How much is publicly known about the weapons ultimately made from Rocky Flats parts? 

There is still very little known publicly about the production at Rocky Flats. The secrecy remains mostly intact as most ex-workers still do not broadcast information. But there are many rumors, some close but mostly way out in left field. Although most are no longer held as secret.

The Advanced Spaceborne Thermal Emission and Reflection Radiometer on NASA's Terra satellite captured this simulated true-color image of Rocky Flats Plant (bottom right of the photo) during cleanup on Dec. 12, 2003. Lying west of Denver's suburbs and south of Boulder, Colorado, the facility was known during this period as the Rocky Flats Environmental Technology Site.

Photo Credit: NASA image created by Jesse Allen, using data provided courtesy of NASA/GSFC/METI/ERSDAC/JAROS and U.S./Japan ASTER Science Team

What technologies were unique to, or originated at Rocky Flats, or were its defining processes? 

The defining process at Rocky Flats was, of course, the nuclear triggers or pits. These are made of plutonium or highly enriched uranium and some other metals. They were melted, cast, welded and machined to extremely tight tolerances. However, more than 1,200 patents were applied for, for processes and equipment such as welding, engineering and special parts and procedures.

What's the biggest lingering concern over the site? 

The biggest lingering concern at Rocky Flats is contamination. The surface today is clean enough for us to walk on, work on, or otherwise enjoy. However, there is still residual contamination under the surface, mainly in the 1,200-acre "central core" area, which is still controlled by the Department of Energy and will be for the foreseeable future. The surface and subsurface water is monitored, sampled and treated 24 hours a day. There are still five foundations and other subsurface structures buried under the ground to protect any contamination that may be in or under them. These are fairly deep and not a large concern as long as they are not dug up. The rest of the 6,000-acre site, which was mainly used for a security buffer zone, has been tested and cleared of health-affecting contamination.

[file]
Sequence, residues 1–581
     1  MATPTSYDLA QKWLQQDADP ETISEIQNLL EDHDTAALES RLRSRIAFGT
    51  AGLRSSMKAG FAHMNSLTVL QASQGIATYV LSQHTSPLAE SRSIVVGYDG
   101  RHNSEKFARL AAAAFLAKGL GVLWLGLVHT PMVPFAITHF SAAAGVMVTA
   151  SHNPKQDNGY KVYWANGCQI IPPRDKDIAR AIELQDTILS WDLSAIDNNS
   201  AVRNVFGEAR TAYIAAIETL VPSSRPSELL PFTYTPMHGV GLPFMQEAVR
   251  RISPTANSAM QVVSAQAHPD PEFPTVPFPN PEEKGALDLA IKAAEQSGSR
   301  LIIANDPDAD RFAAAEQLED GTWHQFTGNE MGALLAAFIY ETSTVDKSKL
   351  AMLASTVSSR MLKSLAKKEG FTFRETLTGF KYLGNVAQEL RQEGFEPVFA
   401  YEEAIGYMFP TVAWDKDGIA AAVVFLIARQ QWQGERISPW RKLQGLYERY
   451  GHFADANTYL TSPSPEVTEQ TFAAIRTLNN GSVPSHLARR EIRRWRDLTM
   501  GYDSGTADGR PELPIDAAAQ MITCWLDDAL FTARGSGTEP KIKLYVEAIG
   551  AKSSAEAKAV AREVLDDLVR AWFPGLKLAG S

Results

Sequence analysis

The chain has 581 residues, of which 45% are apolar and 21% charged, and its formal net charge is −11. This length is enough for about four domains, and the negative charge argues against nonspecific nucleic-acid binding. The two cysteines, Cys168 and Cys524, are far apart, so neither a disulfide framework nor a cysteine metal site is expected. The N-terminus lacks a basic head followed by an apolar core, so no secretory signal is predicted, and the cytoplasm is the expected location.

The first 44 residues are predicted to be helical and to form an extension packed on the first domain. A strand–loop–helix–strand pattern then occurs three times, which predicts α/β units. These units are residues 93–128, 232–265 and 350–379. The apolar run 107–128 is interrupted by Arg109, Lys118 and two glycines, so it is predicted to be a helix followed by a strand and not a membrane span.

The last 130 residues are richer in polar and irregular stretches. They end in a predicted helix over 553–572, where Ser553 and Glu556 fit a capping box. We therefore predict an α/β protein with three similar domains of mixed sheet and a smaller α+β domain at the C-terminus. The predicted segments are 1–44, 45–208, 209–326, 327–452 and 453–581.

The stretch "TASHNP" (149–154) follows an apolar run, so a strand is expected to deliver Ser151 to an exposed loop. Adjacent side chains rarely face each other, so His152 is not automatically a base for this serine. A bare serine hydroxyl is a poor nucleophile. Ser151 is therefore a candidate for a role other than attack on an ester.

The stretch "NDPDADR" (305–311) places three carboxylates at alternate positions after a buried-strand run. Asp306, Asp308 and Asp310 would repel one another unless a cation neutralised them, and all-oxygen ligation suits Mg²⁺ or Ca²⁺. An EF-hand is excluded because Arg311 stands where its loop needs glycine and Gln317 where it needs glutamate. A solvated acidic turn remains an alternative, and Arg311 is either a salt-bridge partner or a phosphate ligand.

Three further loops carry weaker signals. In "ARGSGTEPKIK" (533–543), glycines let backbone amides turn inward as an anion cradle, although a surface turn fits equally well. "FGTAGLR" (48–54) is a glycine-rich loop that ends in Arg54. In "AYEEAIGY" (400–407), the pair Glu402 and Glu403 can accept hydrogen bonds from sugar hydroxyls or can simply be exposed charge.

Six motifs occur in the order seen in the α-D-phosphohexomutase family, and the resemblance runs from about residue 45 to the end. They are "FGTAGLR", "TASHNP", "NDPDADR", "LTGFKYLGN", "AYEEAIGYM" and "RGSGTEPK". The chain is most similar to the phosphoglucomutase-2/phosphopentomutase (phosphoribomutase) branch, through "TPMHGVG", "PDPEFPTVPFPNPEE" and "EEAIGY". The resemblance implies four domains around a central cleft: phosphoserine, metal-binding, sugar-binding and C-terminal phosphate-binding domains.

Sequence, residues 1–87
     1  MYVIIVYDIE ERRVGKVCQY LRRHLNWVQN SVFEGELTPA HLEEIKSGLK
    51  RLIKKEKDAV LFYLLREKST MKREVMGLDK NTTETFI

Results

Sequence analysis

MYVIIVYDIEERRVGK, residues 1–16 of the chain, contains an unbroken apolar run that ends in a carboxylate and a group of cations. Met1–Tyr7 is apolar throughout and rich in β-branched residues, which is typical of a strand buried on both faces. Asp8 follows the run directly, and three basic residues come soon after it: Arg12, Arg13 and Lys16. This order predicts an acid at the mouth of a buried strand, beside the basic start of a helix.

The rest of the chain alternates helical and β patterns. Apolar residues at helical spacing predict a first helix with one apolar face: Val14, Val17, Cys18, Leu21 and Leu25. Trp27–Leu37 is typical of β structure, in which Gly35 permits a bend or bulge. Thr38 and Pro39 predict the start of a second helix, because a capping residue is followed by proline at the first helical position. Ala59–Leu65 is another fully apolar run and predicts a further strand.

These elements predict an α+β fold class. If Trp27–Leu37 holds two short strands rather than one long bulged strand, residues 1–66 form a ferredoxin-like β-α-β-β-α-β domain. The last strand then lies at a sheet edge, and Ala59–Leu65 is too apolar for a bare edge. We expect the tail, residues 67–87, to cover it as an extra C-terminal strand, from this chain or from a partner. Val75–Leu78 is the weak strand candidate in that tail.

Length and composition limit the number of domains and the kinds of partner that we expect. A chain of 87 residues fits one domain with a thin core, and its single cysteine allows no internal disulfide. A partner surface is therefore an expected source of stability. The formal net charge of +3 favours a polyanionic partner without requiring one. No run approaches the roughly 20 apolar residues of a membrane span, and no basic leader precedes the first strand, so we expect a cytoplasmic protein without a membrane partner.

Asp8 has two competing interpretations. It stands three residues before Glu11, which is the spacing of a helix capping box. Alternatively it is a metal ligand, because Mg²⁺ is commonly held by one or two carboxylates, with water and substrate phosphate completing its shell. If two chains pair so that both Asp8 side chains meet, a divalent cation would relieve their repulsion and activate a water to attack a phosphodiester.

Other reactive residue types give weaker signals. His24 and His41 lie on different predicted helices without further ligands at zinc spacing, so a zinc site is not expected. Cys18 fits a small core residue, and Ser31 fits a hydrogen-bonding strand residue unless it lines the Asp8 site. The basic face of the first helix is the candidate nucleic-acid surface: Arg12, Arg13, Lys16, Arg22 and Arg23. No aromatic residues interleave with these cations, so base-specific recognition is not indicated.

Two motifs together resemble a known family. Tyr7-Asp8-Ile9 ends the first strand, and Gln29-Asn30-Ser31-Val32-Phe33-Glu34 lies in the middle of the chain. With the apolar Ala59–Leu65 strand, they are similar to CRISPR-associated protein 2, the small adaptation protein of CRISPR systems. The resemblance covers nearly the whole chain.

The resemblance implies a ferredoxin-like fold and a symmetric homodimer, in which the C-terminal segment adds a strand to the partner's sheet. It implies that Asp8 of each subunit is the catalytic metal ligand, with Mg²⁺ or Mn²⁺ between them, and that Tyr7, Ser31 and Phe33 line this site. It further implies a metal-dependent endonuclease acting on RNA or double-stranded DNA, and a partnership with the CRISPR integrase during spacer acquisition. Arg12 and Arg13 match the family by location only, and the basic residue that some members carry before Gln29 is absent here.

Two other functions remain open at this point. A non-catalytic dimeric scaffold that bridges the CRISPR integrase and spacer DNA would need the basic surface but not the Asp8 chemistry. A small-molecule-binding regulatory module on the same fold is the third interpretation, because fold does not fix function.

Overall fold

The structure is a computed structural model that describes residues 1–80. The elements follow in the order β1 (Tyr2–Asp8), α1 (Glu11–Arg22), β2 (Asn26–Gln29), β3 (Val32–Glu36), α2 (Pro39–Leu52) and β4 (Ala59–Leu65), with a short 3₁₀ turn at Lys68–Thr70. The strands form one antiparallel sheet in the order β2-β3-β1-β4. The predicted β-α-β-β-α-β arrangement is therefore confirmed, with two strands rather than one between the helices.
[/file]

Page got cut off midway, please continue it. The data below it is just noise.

What's the greatest misconception surrounding Rocky Flats today?

The greatest misconception of Rocky Flats is that it is still a hazard for those who live around the area. I do not believe that is true. It is a valuable area for its scenery, animal life and open space, something we don't have much of for people to enjoy, and they should.

View of the control room for the X-Y retriever. Using the X-Y retriever, operators retrieved plutonium metal from the plutonium storage vaults and conveyed it to the X-Y shuttle area, where it was cut and weighed. From the shuttle area, the plutonium was conveyed elsewhere for casting or for rolling and forming.

Photo Credit: Library of Congress

Why is a museum needed, and what do you envision as the way forward? 

This museum is needed to tell the story. The story is Colorado's, Jefferson County's and Rocky Flats' place in the Cold War. The history is compelling and must be told completely. The ability to educate all people about our recent history and the science, engineering and technology is not just wanted, it is required.

Today, we still have many of the former workers and others with the knowledge, but not long in the future that will disappear after which, no matter how much you research and try, it will never be 100 percent. We must raise the funding necessary to build this project for the future generations because no matter how you look at it, you will always have the need for science, technology and engineering. The only way to teach them is to understand their source.

How do you foresee the next chapter in the story of Rocky Flats?

I hope the site will be maintained as a place for all to enjoy, a truly wild refuge for the wildlife. I also want people to understand the history and significance of what Rocky Flats did and its place in the protection of the USA. The Cold War was an extremely tense period during our history, and the young people, especially, must learn and understand why. Everyone loves peace, but there is only one way to have it, and that is the ability to defend ourselves from those who would take it away from us.

We wish to thank all those who maintain our security and sovereignty. They are the finest.

An elk herd pictured at Rocky Flats National Wildlife Refuge's historic Lindsay Ranch.

Photo Credit: Ryan Moehring